When the Ottawa Senators released their impossibly awkward hype video in September, the one in which owner Eugene Melnyk described his team as “kind of in the dumpster,” there was a moment, other than that one, that stood out.
Melnyk tells defenceman Mark Borowiecki — who is ostensibly his interviewer but in practice is a sounding board — that people have wondered about the future of the team in Ottawa.
“The franchise is not going anywhere,” Melnyk parps. “That’s, like, totally solid.”
It turns out that as these assurances were being uttered, the deal for a new downtown arena for the Senators was already in a complete shambles. That would be the same arena, as part of the redevelopment of the LeBreton lands next to the Ottawa River, that NHL commissioner Gary Bettman had said was “vital” to the future of the team.
The LeBreton deal isn’t technically dead, but all that’s left is to shovel soil over the corpse. When one partner sues another for $700-million, as Melnyk has done to developer John Ruddy, that is pretty much the end of that. And so, while Melnyk continues to insist that he has every intention of keeping his team in Ottawa and pursuing a downtown arena, Senators fans could be forgiven for wondering if this is the beginning of the end.
Arenas are notoriously difficult to finance and build, for the simple reason that the economic case for them, to use Melnyk’s phrase, is kind of in the dumpster. You need a few hundred million dollars and in the end you have a building that will be booked for 41 nights a year, plus some exhibition games, and as many concerts as you can schedule. People spend money on this stuff, but it’s the same discretionary money they would have spent anyway in the local economy, so the net gain is minimal, in terms of return on investment in the building.
Sometimes governments will throw all that aside in hopes of luring a sports team with a shiny new arena (hello, Quebec City), but that it obviously not part of the business case here. The Sens are already in Ottawa. Well, Ottawa-ish.
The trick, as wealthy sports owners have figured out, is to make the new-arena play part of a neighbourhood revitalization or some such sales pitch, with the building folded into larger plans that include other commercial and retail developments and maybe a casino (hello, Edmonton). That way the fact that the billionaire owner is getting a sweetheart deal on the arena is lost in the glare of the Fabulous Economic Development Opportunity.
It’s not easy to get those pieces into place, but LeBreton Flats presented just such a case — an under-used piece of prime land that is ripe for a splashy development. The detailed financials of the prospective deal had not yet been released, and it’s entirely possible that Melnyk was displeased by the way they were going. He says he no longer believes in the viability of the project because of competition from an adjoining development owned by Ruddy, but it could also be that he was simply unhappy with the amount of his own money that he would have had to kick in to the LeBreton proposal. One unnamed source told Postmedia colleague Jon Willing last week that the Senators owner’s expectations in negotiations were “spectacularly unrealistic.”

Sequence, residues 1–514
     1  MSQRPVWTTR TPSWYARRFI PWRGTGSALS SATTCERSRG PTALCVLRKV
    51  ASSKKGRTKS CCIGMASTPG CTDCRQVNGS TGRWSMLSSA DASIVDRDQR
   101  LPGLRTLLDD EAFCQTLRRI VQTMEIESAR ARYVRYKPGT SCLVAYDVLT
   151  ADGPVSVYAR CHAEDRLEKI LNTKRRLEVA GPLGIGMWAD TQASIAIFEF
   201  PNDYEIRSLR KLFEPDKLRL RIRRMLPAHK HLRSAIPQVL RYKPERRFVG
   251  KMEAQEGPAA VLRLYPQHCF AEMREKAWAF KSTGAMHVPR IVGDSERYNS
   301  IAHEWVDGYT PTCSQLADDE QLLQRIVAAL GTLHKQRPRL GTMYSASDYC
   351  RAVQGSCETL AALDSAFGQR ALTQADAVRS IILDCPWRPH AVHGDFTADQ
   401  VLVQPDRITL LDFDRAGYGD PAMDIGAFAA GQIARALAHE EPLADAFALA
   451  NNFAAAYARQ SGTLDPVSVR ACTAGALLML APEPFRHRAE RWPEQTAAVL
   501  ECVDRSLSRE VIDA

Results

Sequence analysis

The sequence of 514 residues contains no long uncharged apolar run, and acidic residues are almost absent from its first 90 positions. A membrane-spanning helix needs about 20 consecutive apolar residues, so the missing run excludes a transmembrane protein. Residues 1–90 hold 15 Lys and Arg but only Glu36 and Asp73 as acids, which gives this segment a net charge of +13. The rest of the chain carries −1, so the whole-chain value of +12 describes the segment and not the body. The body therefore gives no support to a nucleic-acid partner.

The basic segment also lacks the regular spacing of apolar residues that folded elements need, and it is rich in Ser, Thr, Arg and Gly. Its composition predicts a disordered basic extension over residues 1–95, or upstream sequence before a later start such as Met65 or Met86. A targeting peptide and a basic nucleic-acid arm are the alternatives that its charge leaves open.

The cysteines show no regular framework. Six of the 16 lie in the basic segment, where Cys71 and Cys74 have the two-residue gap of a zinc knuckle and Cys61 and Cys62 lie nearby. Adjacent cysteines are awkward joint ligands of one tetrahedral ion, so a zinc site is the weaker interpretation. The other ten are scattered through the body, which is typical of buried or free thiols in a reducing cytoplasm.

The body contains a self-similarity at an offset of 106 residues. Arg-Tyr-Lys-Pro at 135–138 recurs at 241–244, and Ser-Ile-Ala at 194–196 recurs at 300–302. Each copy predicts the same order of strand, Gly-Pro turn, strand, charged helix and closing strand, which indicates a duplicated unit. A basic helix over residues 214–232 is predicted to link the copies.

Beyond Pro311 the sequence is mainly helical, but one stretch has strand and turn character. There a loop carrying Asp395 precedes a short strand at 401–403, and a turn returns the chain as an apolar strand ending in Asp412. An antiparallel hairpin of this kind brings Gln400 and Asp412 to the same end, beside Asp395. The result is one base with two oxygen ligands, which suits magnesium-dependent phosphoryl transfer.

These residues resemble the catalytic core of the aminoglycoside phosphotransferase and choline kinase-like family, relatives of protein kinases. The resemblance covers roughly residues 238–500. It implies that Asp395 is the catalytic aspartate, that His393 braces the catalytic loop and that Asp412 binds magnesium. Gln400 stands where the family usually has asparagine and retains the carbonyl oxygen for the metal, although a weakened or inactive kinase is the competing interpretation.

But with that deal staggering to its demise, what next? Melnyk has already said that he has no interest in being a tenant in someone else’s downtown arena, should LeBreton end up in the hands of a different group entirely. There’s no guarantee that the next plan for the area would even include an NHL-size arena, given how this one imploded.
Asked what the National Capital Commission, which last week gave Melnyk and Ruddy until January to sort their issues out, before the lawsuit blew up that idea, would do about LeBreton next, a spokesman said they will deal with that when the board next meets, in the new year. He also provided a quote from Marc Seaman, the chair of the NCC board, saying it was “fully committed to the redevelopment of LeBreton Flats to the highest standards of design, accessibility, sustainability and connectivity.” You will note that among those standards there is nothing certain about a hockey arena.
The NHL, which has so far stayed silent on the LeBreton imbroglio, cannot be pleased. Bettman supported the move downtown as key to reversing years of declining attendance, a credible plan to do it was proceeding, and now this. Will the team try to stick it out in Kanata? That location, aside from getting worse as traffic has increased, has been poisoned by all the talk of moving downtown. You can only tell people that relocation is crucial so often before it sinks in that your current location stinks.
Melnyk says he is game to try again. He told my colleague Adrian Humphreys in an interview last week that “the Senators remain committed to the hope of developing a downtown arena and will continue to explore options to make that happen.”
But, where, and with whom? There isn’t another parcel of empty land handy, unless the Senators are going to put another rink on the lawn of Parliament Hill. And Melynk’s reputation locally, especially after this latest controversy is, well, kind of in the dumpster.
The team’s fans may see this as the chance to finally get Melnyk out of the picture, if he doesn’t want to be in Kanata and no one wants to help him pay for a new arena. But, he owns the team. Changing that is even harder than building a new stadium.